Abbreviations: LLN, lateral lymph node; LLR, lateral local recurrence; LR, local recurrence.

Citation: Journal of the National Comprehensive Cancer Network 22, 1; 10.6004/jnccn.2023.7081

Malignant Features of the Largest LLN on Restaging MRI

In 138 patients with malignant features on primary MRI, a restaging MRI was performed. In 41% (n=57) of the patients, malignant features disappeared; specifically, in 54% (7/13) of those with small LLNs, 50% (18/36) of those with intermediate LLNs, and 36% (32/89) of those with enlarged LLNs. If an LLN had 4 malignant features on primary MRI (n=18), 22% disappeared, compared with 39%, 40%, and 58% when 3 (n=44), 2 (n=45), or 1 (n=31) malignant feature(s) were present, respectively (P=.091). If a primarily enlarged LLN shrank to ≤4.0 mm short-axis size, malignant features disappeared more often (26/29 vs 24/78; P<.001), but shrinkage was not associated with a decrease in LLR rate (2/29 vs 2/78; P=.260).

In patients with intermediate LLNs (n=36), disappearance of malignant features resulted in a 4-year LLR rate of 7%, compared with 13% when they persisted (P=.409). In those with a single enlarged LLN with ≥2 malignant features, remaining malignant features (≥1) increased the 4-year LLR rate to 20%, compared with 13% when they disappeared (P=.532). In 2 patients, malignant features were found on restaging MRI but not on primary MRI; of those patients, 1 developed an LLR.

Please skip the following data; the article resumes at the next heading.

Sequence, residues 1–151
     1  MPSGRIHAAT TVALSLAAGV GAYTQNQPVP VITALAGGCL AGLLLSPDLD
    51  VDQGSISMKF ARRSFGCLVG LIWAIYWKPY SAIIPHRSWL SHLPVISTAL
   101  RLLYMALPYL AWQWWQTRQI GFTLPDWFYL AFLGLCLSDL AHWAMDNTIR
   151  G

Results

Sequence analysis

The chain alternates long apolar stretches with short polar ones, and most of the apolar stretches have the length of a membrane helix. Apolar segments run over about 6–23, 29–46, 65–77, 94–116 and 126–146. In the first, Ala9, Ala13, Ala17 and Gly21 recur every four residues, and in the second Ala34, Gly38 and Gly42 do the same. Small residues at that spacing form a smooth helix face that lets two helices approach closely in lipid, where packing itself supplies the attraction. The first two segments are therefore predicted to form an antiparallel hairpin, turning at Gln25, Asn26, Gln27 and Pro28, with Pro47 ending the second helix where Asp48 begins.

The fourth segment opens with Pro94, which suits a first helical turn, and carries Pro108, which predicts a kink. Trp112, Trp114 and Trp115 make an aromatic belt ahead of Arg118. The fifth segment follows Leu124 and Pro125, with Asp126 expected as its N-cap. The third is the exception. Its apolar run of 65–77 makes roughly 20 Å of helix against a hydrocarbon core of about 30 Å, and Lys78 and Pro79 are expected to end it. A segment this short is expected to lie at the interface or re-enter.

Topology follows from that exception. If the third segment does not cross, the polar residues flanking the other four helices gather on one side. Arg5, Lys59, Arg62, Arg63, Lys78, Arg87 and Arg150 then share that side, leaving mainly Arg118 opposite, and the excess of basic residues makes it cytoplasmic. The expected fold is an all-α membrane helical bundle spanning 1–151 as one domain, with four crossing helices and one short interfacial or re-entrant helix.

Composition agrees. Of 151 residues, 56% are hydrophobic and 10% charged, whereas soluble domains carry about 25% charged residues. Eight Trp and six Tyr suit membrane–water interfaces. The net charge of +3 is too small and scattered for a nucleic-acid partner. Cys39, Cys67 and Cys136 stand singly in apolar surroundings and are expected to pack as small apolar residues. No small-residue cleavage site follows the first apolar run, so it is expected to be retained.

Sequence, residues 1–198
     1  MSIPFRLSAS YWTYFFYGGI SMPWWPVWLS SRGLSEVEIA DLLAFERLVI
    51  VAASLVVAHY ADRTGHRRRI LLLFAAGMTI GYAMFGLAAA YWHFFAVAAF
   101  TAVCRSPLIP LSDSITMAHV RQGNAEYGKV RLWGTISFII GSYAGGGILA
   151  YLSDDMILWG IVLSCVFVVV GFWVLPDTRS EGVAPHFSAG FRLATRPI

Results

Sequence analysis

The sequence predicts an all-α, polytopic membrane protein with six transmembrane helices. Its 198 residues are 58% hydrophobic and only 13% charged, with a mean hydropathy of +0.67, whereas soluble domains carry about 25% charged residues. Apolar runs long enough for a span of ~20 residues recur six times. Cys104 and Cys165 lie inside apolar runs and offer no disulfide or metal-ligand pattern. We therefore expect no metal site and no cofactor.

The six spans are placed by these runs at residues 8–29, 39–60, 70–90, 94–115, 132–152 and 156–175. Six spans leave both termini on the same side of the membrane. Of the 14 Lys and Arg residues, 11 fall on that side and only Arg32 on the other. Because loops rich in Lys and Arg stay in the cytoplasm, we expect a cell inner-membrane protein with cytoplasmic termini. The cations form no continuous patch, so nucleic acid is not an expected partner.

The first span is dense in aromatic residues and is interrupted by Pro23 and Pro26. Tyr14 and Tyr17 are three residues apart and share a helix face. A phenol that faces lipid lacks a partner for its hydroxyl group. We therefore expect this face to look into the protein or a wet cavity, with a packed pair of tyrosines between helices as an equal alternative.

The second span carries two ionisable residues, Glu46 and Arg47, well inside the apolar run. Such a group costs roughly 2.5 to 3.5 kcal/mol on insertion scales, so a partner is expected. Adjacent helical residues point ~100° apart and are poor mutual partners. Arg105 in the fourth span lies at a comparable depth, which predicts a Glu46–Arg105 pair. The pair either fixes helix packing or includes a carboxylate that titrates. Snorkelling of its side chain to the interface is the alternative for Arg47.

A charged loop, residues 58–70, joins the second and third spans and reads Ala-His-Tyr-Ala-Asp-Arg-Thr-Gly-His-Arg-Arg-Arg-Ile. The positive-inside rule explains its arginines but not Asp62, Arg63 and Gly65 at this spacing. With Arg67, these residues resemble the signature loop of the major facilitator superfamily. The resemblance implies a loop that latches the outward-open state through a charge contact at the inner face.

Based on short-axis size categories, the presence of multiple enlarged nodes, and the presence of malignant features and their disappearance on restaging MRI, LLNs can be classified into risk categories by 4-year LLR rates, as shown in Figure 4.

Figure 4.
Figure 4.

Recursive partitioning analyses of LLR risk based on radiologic features.

Abbreviations: LLN, lateral lymph node; LLR, lateral local recurrence; NA, not applicable.

aThe number of patients in which a restaging MRI was performed.

bDue to low number of patients, this group is classified as intermediate risk.

Citation: Journal of the National Comprehensive Cancer Network 22, 1; 10.6004/jnccn.2023.7081

Discussion